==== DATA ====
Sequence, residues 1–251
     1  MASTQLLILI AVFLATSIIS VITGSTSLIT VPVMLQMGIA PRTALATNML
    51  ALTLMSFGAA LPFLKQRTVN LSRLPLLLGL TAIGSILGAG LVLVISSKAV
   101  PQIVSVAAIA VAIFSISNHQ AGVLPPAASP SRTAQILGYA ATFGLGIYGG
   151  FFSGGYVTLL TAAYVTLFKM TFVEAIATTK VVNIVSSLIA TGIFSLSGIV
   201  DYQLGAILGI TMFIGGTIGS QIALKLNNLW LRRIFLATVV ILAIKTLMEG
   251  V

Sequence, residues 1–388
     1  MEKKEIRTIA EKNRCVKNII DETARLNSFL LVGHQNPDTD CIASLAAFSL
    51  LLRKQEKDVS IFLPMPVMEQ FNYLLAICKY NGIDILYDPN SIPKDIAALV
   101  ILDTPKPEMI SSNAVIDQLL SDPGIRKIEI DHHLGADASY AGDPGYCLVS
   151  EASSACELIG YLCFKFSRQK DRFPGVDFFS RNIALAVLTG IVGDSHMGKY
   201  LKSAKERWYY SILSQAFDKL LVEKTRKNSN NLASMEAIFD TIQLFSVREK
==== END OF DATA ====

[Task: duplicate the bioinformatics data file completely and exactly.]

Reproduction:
Sequence, residues 1–251
     1  MASTQLLILI AVFLATSIIS VITGSTSLIT VPVMLQMGIA PRTALATNML
    51  ALTLMSFGAA LPFLKQRTVN LSRLPLLLGL TAIGSILGAG LVLVISSKAV
   101  PQIVSVAAIA VAIFSISNHQ AGVLPPAASP SRTAQILGYA ATFGLGIYGG
   151  FFSGGYVTLL TAAYVTLFKM TFVEAIATTK VVNIVSSLIA TGIFSLSGIV
   201  DYQLGAILGI TMFIGGTIGS QIALKLNNLW LRRIFLATVV ILAIKTLMEG
   251  V

Sequence, residues 1–388
     1  MEKKEIRTIA EKNRCVKNII DETARLNSFL LVGHQNPDTD CIASLAAFSL
    51  LLRKQEKDVS IFLPMPVMEQ FNYLLAICKY NGIDILYDPN SIPKDIAALV
   101  ILDTPKPEMI SSNAVIDQLL SDPGIRKIEI DHHLGADASY AGDPGYCLVS
   151  EASSACELIG YLCFKFSRQK DRFPGVDFFS RNIALAVLTG IVGDSHMGKY
   201  LKSAKERWYY SILSQAFDKL LVEKTRKNSN NLASMEAIFD TIQLFSVREK